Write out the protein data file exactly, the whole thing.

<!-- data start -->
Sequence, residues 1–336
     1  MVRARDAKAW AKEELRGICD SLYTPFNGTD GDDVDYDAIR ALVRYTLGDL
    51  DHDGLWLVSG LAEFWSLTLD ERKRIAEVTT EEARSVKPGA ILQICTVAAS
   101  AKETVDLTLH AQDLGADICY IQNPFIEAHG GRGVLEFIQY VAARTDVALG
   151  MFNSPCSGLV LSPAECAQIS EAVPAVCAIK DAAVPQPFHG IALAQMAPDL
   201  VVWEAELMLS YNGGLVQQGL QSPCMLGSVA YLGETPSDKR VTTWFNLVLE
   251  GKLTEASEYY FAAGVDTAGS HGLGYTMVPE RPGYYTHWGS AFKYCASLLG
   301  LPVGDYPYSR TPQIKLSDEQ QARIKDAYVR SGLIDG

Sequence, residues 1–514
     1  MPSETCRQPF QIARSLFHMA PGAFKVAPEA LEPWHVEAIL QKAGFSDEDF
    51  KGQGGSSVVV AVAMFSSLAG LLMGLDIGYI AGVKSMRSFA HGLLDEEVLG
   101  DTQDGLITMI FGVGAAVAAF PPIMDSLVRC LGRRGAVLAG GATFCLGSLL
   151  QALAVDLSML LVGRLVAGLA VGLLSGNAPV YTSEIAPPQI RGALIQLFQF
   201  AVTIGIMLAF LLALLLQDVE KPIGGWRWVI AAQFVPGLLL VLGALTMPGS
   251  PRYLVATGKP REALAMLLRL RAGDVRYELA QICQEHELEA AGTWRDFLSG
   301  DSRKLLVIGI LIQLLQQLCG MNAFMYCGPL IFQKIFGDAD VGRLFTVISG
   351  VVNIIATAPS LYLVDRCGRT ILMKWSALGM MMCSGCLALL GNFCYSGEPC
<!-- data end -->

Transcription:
Sequence, residues 1–336
     1  MVRARDAKAW AKEELRGICD SLYTPFNGTD GDDVDYDAIR ALVRYTLGDL
    51  DHDGLWLVSG LAEFWSLTLD ERKRIAEVTT EEARSVKPGA ILQICTVAAS
   101  AKETVDLTLH AQDLGADICY IQNPFIEAHG GRGVLEFIQY VAARTDVALG
   151  MFNSPCSGLV LSPAECAQIS EAVPAVCAIK DAAVPQPFHG IALAQMAPDL
   201  VVWEAELMLS YNGGLVQQGL QSPCMLGSVA YLGETPSDKR VTTWFNLVLE
   251  GKLTEASEYY FAAGVDTAGS HGLGYTMVPE RPGYYTHWGS AFKYCASLLG
   301  LPVGDYPYSR TPQIKLSDEQ QARIKDAYVR SGLIDG

Sequence, residues 1–514
     1  MPSETCRQPF QIARSLFHMA PGAFKVAPEA LEPWHVEAIL QKAGFSDEDF
    51  KGQGGSSVVV AVAMFSSLAG LLMGLDIGYI AGVKSMRSFA HGLLDEEVLG
   101  DTQDGLITMI FGVGAAVAAF PPIMDSLVRC LGRRGAVLAG GATFCLGSLL
   151  QALAVDLSML LVGRLVAGLA VGLLSGNAPV YTSEIAPPQI RGALIQLFQF
   201  AVTIGIMLAF LLALLLQDVE KPIGGWRWVI AAQFVPGLLL VLGALTMPGS
   251  PRYLVATGKP REALAMLLRL RAGDVRYELA QICQEHELEA AGTWRDFLSG
   301  DSRKLLVIGI LIQLLQQLCG MNAFMYCGPL IFQKIFGDAD VGRLFTVISG
   351  VVNIIATAPS LYLVDRCGRT ILMKWSALGM MMCSGCLALL GNFCYSGEPC